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  • Revisiting the National Guard’s Lineage Part III
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    Steven Alvarez
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Revisiting the National Guard’s Lineage Part III

In part one of this series, I wrote about the selective American history that has been taught for generations in the United States. This version of history does not accurately portray our history, but as a nation we’re slowly getting a clearer picture.  

Part two of the series covered the fact that the Spanish colonial militias were the first European militias to muster in North America that could claim lineage to the modern National Guard.

I also wrote about how the English colonial militias in the 1600s, are considered to be the predecessors of the modern National Guard. In particular, the Massachusetts National Guard and the National Guard Bureau (NGB) both claim that four English militias from 1636 are the forebearers of several current Massachusetts National Guard units considered the “Nation’s First.” Those modern units have been given lineage honors by the U.S. Army Center of Military History.

I believe that the documents used to support the claim of the “Nation’s First” were created by NGB to ensure that Anglo-Saxon heritage secured its place in American history. Do I believe that there was a sinister plot to suppress the contributions of other cultures to the National Guard? No. Do I believe that implicit bias had something to do with NGB’s positioning of Anglo-Saxon militias in American history? Yes.

At the core of the Guard’s justification are four documents which NGB argues is proof of lineage. These documents are CMH products granting lineage and honors to four English militias dating back to 1636. These papers were created and are based from other historical documents that NGB allegedly has that show continuity from the English militias to modern-day National Guard units in Massachusetts.

Joseph Seymour, an Army National Guard historian with the CMH told me via e-mail: “We have copies of the original documentation for the four units organized in 1636, or references to the documents that are in Massachusetts repositories.”

Although I have not seen them, I don’t doubt that those documents exist. Seymour said that as soon as the government reopened that he would be more than happy to share them with me. Therefore, I do not doubt their existence. As I mentioned in part one of this series, those documents were created in 1956 as a result of the NGB’s request for lineage and honors from the CMH for four Massachusetts units.

My concern is that there are multiple historians, including several who worked for the National Guard, who have stated there is additional documentation showing musters in Florida in the 1500s, as I mentioned in part two of this series. If those documents exist in Florida, why weren’t they ever reviewed by NGB or CMH? Did NGB or CMH ever make a trip to Florida to examine the historical documents in Florida? I asked that question to multiple historians and to a public affairs officer at NGB. It was never answered. I did not take it as some kind of coverup, I assumed they just overlooked the question.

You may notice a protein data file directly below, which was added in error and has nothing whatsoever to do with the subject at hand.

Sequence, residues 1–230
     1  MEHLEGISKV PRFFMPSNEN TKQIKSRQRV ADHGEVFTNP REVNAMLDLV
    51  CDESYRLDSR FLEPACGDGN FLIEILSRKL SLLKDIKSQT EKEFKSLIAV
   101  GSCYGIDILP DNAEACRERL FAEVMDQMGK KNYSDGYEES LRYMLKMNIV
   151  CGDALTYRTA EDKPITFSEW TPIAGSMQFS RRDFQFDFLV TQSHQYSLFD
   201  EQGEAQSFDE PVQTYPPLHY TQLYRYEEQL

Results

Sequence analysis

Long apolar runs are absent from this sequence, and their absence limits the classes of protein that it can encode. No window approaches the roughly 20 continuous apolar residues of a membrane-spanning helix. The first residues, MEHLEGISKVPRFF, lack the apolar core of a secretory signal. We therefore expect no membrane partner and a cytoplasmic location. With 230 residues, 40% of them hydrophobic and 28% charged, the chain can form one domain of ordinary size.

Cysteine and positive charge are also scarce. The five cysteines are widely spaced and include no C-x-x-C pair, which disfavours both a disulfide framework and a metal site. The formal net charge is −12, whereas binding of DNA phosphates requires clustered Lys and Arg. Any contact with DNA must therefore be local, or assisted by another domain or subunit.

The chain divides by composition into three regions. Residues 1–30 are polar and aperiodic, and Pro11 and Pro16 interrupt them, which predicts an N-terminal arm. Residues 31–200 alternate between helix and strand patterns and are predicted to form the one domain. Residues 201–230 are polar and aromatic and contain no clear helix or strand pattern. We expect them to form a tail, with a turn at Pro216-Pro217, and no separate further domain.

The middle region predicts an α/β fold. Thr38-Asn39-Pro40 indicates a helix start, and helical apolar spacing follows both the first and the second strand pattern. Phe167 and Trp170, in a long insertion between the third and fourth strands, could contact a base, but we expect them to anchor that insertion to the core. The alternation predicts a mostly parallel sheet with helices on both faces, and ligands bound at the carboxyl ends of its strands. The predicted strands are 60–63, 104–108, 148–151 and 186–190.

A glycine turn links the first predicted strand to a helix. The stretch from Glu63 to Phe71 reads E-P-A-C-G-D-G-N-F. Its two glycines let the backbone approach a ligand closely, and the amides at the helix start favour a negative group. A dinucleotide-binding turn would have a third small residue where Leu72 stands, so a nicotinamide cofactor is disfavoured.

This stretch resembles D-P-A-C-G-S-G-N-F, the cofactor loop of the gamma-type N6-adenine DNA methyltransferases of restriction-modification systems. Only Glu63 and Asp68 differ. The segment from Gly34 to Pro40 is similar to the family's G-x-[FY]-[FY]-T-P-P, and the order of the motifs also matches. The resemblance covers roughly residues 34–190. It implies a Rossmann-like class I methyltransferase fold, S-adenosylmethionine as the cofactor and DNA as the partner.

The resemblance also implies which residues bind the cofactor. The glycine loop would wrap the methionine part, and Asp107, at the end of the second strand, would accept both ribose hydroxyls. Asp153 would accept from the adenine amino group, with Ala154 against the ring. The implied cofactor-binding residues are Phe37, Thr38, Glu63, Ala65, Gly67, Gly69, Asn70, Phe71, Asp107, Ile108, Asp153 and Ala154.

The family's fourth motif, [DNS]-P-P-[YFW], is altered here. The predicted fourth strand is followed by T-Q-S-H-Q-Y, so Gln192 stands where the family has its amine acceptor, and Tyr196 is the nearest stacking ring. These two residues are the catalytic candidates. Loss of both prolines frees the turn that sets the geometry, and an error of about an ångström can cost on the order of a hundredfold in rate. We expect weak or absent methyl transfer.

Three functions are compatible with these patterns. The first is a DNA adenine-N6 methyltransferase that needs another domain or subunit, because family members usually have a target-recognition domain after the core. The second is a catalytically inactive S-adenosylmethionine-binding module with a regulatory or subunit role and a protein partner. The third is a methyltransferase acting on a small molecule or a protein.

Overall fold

“The National Guard is rooted in law,” said Dr. Richard Dennis Harold Clark, an NGB historian via e-mail. “The earliest legislation creating an organized militia was the 13 December 1636 was passed by the General Court of the Massachusetts Bay Colony. This was the earliest legal document establishing a militia among any of the English, French, or Spanish colonies of North America.”

According to Clark and other historians at NGB, there are several elements that have to be present in order for a unit to be eligible for consideration as a militia. First, the unit must be organized.

“The organized militia is the National Guard and its predecessors,” Seymour said. “It means legally constituted units, and legally sanctioned commissions. The unorganized militia is the population under the Constitutional obligation to provide military service.”

The terminology is key because use of the word “organized” to legally define militias prevents the Spanish militias from being considered as the first militia to muster in America. Prior to 1903, militias in the American colonies were governed by the Militia Act of 1792. Before the 1792 Act, English militias were governed locally by the various colonies under the English flag. The Militia Act of 1792 helped the American colonies organize the militias into a tool that could be used as a federal entity when needed.

The criteria for “organized” militia also included a requirement that military units be structured in regiments. “The militia tradition meant citizens organizing themselves into military units, responsible for their own defense. Organizing the militia into regiments increased its efficiency and responsiveness, which proved critical for the defense of their communities,” according to the National Guard’s website.

In New Spain, comprised of North, South, and Central America, and islands in the Caribbean, Spanish militias were organized and mustered when needed. “In September 1565, the Spanish established St. Augustine,” author Michael D. Doubler wrote in his book, I am the Guard. As part of the organization of St. Augustine, the Spanish created a militia known as a “milicia.” That’s more than 70 years before the English.